• Cell signalling,
  • Muscle contraction,
  • Oxygen and nutrient transport in the blood,
  • Energy production.

Opt for good quality sources of protein, and to learn more, check out our blog here.

Fat

Whilst it often receives a bad rap, fat is crucial to our health.  Cognitive function often declines with age, but this is even more apparent when deficits in polyunsaturated fats occur. 

Docosahexaenoic acid, DHA is a critical contributor to cell structure and function in the nervous system.  Deficits in this acid are regularly linked to cognitive decline during aging and neurodegenerative disease.  It is considered that DHA contributes to membrane integrity in the brain and also represses inflammatory mediators that can contribute to neurodegeneration.  DHA is seen to modulate oxidative damage. 

On the subject of brain health, it is relevant to mention the glymphatic system. 

Glymphatic System

The body possesses its own sewerage system – the lymphatic system – but the brain has its own independent waste disposal system known as the glymphatic system.  This system is gaining traction and being implicated in neurodegenerative disease.  In short, if the waste disposal system isn’t working as it should, compounds build up in the brain and start to cause problems.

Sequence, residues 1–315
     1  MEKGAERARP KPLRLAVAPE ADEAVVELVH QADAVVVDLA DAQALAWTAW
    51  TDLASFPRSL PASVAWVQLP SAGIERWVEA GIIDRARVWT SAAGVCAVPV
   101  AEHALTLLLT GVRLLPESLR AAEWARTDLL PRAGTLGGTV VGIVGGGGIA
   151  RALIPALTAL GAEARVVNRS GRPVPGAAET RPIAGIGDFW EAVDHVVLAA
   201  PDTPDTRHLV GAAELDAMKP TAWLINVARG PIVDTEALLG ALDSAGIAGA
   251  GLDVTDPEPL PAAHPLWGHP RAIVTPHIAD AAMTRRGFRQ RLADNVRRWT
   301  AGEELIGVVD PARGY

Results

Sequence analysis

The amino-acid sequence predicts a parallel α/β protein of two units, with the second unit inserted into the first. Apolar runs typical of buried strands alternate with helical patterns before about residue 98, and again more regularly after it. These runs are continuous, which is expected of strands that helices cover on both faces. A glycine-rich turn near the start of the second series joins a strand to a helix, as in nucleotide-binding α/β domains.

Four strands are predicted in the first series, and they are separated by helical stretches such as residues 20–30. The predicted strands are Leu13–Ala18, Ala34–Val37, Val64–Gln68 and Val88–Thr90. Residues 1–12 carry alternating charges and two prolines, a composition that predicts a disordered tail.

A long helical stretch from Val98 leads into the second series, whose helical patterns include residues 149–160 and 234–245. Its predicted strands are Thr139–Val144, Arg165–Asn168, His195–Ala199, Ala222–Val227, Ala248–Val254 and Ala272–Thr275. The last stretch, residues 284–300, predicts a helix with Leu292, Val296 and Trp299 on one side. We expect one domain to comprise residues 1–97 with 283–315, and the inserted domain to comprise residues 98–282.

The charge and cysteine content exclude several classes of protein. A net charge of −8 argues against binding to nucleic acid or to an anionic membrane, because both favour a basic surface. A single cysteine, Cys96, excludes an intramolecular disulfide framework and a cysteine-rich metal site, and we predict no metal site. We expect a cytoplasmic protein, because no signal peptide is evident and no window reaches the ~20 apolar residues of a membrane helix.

This system functions mainly during sleep, being largely disengaged during times of wakefulness – this suggests that amongst its many functions, sleep provides a state of activity that enables the elimination of potentially neurotoxic waste products. 

If you’d like to optimise your sleep, check out our blog here.

But we must remember the glymphatic system feeds into our lymphatic system, which unlike our cardiovascular system, doesn’t have its own pump. We remove our waste products through movement. This is why keeping active is so important to our health.

Ageing and Our Mitochondria

Ageing is commonly associated with mitochondrial decay.  Flashback to biology and you’ll remember the mitochondria is the power plant of the cell – it’s like a small digestive system; it takes in nutrients, breaks them down and creates energy.

Issues therefore arise if we aren’t providing our trusty mitochondria with the nutrients they need to do their job.  Mitochondrial damage (which contributes to ageing) has been associated with deficiencies in the following nutrients:

  • Magnesium,
  • B Vitamins,
  • Vitamin D,
  • Iron,
  • Zinc,

Source of Magnesium: spinach, legumes, nuts and seeds.

Sources of B Vitamins: meat (especially liver), seafood, poultry, eggs, dairy and leafy greens.

Sources of Vitamin D: oily fish, red meat, liver, egg yolks and fortified foods.

Sources of Iron: liver, red meat, beans, nuts, dried fruit and fortified foods.

Sources of Zinc: seafood, poultry, chickpeas, nuts, tofu, hemp seeds, oatmeal and mushrooms. 

We advocate a food first approach where possible, but if you think you may be low in any nutrients, speak with your healthcare provider. 

Whilst we haven’t found the key to eternal (biological) youth, we know that certain lifestyle choices can expedite the ageing process, and therefore potentially slow it down. 

Our top tips:

  • Prioritise protein,
  • Fill up on fat (those good ones),
  • Sleep well,
  • Move more,
  • Diversify your dishes – fill your plates with nutrient dense food.
  • Hydrate,